Foreign investors are flocking
in their droves to sub-Saharan Africa, attracted by some of the fastest growing
economies in the world and by projections of a bulging middle class. Is this
the next frontier for luxury goods, or is the opportunity more hype than
new gold rush
The dust has barely settled on
London 2012, but there is already talk of who might bid for the 2024 Olympics
(Rio de Janeiro will host 2016, and the 2020 short-list is made up of Madrid,
Tokyo and Istanbul). The 2024 race is almost certain to include a US
heavyweight, probably New York or San Francisco. But, expect to see a
sub-Saharan African city in the mix too.
Kenya's Nairobi is a probable
bidder and would fully expect to win, with or without a US metropolis as rival.
This is because Sub Saharan Africa has a newfound global confidence, fuelled by
its burgeoning economic prowess. GDP in Kenya, for example, is projected to
grow more than 200% at US dollar prices over the period 2011-2020, according to
data from Euromonitor International. Click to Tweet!
A host of frontier
(off-the-beaten-path) African economies are projected to show double-digit
compound annual growth (CAGR) to 2020, which is why so many yield-hungry
investors are digging around for untapped opportunities. The region's youthful
demographics, maturing political infrastructures and abundant natural resources
are fuelling the gold-rush climate.
What is more, Africa's
frontier markets are promising to bud at a time when growth in the BRICs is set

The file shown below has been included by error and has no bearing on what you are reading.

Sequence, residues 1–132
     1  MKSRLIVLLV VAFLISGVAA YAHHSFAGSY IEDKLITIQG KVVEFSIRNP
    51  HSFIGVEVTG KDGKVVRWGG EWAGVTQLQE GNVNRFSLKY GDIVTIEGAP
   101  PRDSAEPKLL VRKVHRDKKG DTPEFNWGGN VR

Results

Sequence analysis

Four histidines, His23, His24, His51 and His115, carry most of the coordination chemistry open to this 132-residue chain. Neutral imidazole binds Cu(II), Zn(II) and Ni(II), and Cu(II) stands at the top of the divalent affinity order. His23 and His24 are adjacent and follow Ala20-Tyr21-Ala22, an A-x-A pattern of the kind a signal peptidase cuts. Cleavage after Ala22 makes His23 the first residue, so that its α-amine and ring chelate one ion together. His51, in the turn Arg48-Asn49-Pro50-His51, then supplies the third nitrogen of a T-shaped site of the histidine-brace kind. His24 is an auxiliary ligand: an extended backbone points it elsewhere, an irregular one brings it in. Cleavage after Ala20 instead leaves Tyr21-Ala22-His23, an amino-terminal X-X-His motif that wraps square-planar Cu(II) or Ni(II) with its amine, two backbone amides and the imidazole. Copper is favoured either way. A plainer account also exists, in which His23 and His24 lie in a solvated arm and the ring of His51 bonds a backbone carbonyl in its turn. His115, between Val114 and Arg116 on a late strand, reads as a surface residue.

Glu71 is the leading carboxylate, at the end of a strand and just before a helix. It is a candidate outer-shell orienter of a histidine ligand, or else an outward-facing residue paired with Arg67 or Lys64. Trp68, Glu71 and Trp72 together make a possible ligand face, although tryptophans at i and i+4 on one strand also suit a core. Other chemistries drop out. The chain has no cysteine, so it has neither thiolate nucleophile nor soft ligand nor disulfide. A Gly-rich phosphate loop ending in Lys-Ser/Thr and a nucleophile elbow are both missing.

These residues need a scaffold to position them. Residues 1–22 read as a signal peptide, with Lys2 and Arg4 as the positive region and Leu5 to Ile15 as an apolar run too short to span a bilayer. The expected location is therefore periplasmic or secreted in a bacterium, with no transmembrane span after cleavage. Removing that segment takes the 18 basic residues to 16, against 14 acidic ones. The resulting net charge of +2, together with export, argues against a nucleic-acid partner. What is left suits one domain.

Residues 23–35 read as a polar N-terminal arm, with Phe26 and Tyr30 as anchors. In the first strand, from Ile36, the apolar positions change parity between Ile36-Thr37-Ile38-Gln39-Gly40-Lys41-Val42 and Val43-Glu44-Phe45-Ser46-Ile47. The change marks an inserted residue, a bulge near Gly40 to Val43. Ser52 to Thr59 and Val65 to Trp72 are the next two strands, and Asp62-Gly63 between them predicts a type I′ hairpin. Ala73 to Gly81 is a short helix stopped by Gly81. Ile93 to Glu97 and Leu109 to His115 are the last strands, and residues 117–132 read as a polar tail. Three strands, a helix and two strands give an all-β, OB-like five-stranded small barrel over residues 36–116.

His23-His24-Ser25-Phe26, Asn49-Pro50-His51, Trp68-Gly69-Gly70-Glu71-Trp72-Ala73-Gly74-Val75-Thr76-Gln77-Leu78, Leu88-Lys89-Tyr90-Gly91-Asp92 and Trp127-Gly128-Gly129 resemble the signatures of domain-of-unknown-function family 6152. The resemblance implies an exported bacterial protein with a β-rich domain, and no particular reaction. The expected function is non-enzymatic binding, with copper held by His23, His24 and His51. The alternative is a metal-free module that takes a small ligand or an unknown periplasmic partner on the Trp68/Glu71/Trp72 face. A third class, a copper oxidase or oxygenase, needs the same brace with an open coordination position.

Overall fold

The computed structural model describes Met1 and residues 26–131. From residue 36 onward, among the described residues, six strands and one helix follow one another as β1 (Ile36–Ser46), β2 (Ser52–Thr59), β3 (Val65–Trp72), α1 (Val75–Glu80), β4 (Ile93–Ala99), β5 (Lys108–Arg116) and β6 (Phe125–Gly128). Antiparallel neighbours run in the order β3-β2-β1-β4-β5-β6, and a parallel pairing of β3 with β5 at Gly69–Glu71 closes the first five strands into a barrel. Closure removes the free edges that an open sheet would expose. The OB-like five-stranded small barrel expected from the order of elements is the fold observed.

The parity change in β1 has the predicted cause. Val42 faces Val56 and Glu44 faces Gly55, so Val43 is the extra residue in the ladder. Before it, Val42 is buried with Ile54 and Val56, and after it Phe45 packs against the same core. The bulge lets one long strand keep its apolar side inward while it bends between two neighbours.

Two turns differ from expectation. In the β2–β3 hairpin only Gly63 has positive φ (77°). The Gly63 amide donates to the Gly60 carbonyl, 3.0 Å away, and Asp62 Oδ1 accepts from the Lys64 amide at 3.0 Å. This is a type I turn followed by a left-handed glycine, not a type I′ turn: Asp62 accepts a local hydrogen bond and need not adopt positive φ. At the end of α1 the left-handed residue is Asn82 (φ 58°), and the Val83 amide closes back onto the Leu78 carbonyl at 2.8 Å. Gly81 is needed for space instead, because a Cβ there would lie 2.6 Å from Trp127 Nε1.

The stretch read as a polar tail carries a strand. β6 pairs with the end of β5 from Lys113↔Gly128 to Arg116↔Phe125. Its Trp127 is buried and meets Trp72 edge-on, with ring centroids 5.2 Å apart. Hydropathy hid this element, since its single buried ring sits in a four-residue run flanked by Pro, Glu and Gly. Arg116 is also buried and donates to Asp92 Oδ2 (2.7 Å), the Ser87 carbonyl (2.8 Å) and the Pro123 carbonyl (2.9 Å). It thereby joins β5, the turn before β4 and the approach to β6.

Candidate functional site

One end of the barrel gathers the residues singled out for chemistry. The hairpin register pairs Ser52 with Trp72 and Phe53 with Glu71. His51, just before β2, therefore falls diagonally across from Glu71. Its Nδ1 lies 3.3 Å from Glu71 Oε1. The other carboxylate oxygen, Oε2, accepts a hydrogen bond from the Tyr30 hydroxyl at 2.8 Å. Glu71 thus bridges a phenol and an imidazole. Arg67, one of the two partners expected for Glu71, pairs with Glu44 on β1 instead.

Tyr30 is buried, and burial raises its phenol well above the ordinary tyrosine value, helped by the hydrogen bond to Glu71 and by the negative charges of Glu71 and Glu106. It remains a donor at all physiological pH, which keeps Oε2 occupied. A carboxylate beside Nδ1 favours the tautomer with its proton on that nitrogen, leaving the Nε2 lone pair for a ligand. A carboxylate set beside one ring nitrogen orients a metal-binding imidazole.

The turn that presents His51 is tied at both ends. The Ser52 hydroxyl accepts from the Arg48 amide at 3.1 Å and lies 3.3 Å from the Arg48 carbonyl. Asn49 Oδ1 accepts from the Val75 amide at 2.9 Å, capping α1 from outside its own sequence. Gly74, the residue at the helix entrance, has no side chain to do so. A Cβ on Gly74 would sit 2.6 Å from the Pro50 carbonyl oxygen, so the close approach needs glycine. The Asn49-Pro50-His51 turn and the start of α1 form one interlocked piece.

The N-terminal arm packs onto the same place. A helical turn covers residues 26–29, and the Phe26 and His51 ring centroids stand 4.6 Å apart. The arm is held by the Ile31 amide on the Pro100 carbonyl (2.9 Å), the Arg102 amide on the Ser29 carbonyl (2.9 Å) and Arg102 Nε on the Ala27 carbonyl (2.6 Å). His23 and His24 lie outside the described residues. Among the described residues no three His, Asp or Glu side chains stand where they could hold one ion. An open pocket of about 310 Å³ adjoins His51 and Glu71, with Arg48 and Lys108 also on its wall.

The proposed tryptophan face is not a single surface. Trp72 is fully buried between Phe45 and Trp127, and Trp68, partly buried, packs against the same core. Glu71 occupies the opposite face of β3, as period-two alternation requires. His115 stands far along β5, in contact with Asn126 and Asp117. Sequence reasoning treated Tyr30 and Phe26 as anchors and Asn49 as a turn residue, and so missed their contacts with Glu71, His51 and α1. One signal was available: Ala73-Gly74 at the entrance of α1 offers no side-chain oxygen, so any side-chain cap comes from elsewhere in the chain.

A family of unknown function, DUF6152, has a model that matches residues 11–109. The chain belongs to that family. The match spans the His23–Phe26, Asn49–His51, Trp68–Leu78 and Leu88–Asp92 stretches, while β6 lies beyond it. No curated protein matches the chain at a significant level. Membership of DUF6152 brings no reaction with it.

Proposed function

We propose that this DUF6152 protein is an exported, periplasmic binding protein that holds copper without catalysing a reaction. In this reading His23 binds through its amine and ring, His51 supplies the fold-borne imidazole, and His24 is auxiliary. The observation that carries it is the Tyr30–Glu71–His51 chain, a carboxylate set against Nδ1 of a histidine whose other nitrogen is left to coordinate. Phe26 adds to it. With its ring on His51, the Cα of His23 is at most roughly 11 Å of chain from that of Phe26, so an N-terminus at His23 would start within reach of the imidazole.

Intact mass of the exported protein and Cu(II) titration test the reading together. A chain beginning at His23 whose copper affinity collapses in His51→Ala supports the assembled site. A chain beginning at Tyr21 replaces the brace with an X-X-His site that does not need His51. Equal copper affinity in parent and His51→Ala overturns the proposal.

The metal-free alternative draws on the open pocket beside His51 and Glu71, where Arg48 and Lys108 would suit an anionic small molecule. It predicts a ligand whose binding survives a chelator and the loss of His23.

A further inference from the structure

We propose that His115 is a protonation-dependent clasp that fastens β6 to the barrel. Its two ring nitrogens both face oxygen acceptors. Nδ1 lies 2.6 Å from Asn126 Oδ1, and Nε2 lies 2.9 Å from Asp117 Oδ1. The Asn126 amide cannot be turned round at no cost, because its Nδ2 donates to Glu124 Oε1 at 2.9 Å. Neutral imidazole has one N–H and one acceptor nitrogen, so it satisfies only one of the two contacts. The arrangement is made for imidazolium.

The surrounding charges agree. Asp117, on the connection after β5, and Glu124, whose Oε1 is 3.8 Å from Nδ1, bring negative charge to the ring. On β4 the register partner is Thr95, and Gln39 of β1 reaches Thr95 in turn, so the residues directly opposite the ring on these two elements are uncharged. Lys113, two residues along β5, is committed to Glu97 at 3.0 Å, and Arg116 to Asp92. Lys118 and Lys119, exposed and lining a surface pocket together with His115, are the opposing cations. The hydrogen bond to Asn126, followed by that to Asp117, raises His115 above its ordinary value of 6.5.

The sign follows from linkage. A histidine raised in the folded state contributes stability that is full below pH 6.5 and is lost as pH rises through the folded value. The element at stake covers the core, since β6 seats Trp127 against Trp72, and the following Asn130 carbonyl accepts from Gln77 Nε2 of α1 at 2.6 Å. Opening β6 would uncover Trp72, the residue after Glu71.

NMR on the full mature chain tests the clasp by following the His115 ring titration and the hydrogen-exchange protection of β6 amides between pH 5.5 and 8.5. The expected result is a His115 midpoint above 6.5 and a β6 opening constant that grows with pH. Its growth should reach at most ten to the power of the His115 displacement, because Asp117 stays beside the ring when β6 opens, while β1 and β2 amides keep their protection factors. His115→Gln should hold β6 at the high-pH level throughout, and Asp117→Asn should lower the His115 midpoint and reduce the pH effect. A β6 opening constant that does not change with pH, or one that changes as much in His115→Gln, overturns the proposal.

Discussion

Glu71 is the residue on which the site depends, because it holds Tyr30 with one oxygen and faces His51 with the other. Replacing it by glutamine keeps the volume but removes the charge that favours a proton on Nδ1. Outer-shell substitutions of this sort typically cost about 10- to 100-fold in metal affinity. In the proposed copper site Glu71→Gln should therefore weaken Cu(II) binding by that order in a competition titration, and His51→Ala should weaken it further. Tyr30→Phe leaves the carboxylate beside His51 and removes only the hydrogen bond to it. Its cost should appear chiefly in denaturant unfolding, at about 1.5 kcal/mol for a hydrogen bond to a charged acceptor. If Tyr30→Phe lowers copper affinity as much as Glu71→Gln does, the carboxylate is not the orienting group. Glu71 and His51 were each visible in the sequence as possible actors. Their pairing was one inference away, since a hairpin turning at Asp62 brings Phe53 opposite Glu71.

to slow. South Africa itself, the continent's standout emerging market of the
past decade, is entering a period of softer growth, reflecting sluggish
activity in the mining sector.
Investment in Sub Saharan
Africa still carries plenty of risk, however. Economic and political
fundamentals might be stronger than a decade ago, but stories of corruption,
conflicts and instability are never far from the news headlines, and are often
enough to deter more cautious investors.
Even investors who are
currently active in the region will acknowledge that the best opportunities are
typically opportunistic. And there is still the tricky issue of how easy it is
to get money out, once an inward investment has been committed.
Those notes of caution in
mind, is frontier Africa in its current state of development realistically
accessible to luxury goods manufacturers and retailers and is now the right
time to build stronger positions, along the lines of emerging Asia and Latin
America? Or, is there a case for a more prudent and patient approach, taking a
long-term view and building a growth strategy for the future?
classes A and B hold the key to growth
In emerging Asia and Latin
America (China and Brazil, in particular), the key to luxury goods development
over the past decade has been firstly, the growth of a new super-rich consumer
base – there are now over a million US dollar millionaires in China, for
example – and, secondly, in the growth of an aspirational middle class. The
latter has helped fuel strong demand for affordable luxury goods, such as
sub-US$1,000 luxury handbags and diffusion brands of designer labels.
Africa is a long way behind
both emerging Asia and Latin America in terms of the size of its middle class,
but the combination of rapidly growing economies and youthful populations auger
well for the next ten years (and beyond). Equally, a recent spate of oil and
gas discoveries – and the high probability of more to come, for example in
Ghana (oil) and in Tanzania (gas) – could provide a get-rich-quick spawning
ground for a new generation of high net worth individuals (HNWIs).
Indeed, in terms of Social
Classes A and B, sub-Saharan Africa appears on the cusp of a major growth
spurt. In Kenya, for example, Social Class A is forecast to grow by 28% between
2011 and 2020, according to data from Euromonitor International. That is one of
the highest projected growth rates in the world for A-class consumers. Social
Class A in China, for example, is forecast to grow by 4% over the corresponding
period, while in Russia it is forecast to contract 2%.
In terms of actual (absolute)
growth, Kenya's Class A consumer base would expand by 839,200 people to 2020,